Gris and Depression Quest offer comparable portrayals of the manner in which injury is befuddling. Despite the fact that Gris gives both a more hopeful and coordinated, story-like viewpoint of recuperation than Depression Quest, the two games speak to how recuperation from injury has much impasse. As it so happens in Gris’ down, the player is given minute guidelines from both an essential viewpoint and from an exacting one: the player basically isn’t given the console bearings for how to move. Testing plays into this, as the engineers cross classes here, infusing an open-world component into an essentially 2-dimensional game. Testing has various neurological advantages, yet the main advantage here is that it powers the player into the situation of tossing their hands noticeable all around and contemplating, in all probability in any event, considering surrendering. Thanks to examining, the game plan powers the player to look cautiously, acknowledge a specific level of dissatisfaction, and be prepared to come up short. These characteristics imitate the befuddling idea of horrible mishaps that frequently leave casualties uncertain of how to push ahead. Melancholy Quest, then again, has no open world components and gives not many occasions to examining (past the previously mentioned want to ‘dispense with’ despondency and be fruitful, which just can freely be classified under testing) since the game is played through the imageless vehicle of circumstances where one settles on decisions. All things being equal, Depression Quest utilizes the ineffective aftereffects of alternatives the player makes as a demonstration of the befuddling idea of discouragement. Initially, the decisions the player gets are frequently founded on eliminating oneself from a condition of moping rather than moving one into a condition of prospering. At the end of the day, the choices forestall torment as opposed to giving satisfaction, which puts a huge strain on the player’s fill-in objective of surpassing their psychological instability. Besides, the dim, soggy overhand that is wretchedness rapidly quenches any endeavors to discover some similarity to unwinding or achievement. You as the player need to succeed, however the current alternatives don’t take into consideration much upward portability, and when they do, the slight improvement is adequately discredited by an attack of decisions that take you back to the beginning stage. The final product of these two perspectives is that the game is equivalent amounts of confounding and disappointing, and keeping in mind that toward the beginning cynics may highlight the game structure itself and battle the story is fixed to paint an unreasonable picture of discouragement (the very unreasonable rationale that recommends those experiencing melancholy attempt to be upbeat), the dismal truth is that downturn works accurately in this style (however, note that downturn influences every individual in an unexpected way): the staggering feeling of injustice and disarray is certifiably not a game-driven component yet rather a genuine portrayal of sorrow. Despite the fact that Gris and Depression Quest vary from multiple points of view, the two of them furnish their players with an unfiltered articulation of how the way to recuperation from injury is overflowing with continuous mental fights that procure solid sensations of disarray and dissatisfaction.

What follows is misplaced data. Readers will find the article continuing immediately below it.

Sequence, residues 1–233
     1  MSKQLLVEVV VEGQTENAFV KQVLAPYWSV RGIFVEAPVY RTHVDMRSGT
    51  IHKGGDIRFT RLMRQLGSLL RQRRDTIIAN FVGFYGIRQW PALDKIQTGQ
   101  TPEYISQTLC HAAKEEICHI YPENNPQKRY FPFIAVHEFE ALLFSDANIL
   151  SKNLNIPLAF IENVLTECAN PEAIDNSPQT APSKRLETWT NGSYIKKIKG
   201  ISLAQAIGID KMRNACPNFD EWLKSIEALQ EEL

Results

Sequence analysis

Gris and Depression Quest at last propose that the way toward mending requires deliberately making a move. The two games show that recuperation from injury is befuddling and disappointing, however the basic contrast in the two games is that while Depression Quest offers a grim viewpoint for change, Gris proposes recuperation is a characteristic game-plan that, while testing, is a fundamental cycle for development. The character in Depression Quest endeavors to take on their psychological instability by settling on decisions, however there is a characteristic mistake. Despondency Quest exhibits that only creation decisions that appear to be correct isn’t sufficient to begin the recuperating cycle. Without effectively playing a part in one’s emotional well-being, injury is an unflinching part of their life, and the closeness of the injury to their every day schedule remains precisely the equivalent. While the facts confirm that both Gris and Depression Quest portray the way to recuperation as confounding and disappointing, Gris shows the significance of conclusive strides toward mending, which exhibits that with complete advances – in any event, when they are entirely off-base and cause the
character to relapse – one pushes ahead and can take on progressively troublesome difficulties. The main takeaway is that to recuperate from injury, one should be striking and conclusive, just as unafraid of judgment and disappointment, and with sufficient opportunity and practice committed to mending, one may not ‘beat’ injury into blankness, however they can make an adaptation of themselves that is sufficiently able to let it become a fortifying section of their character.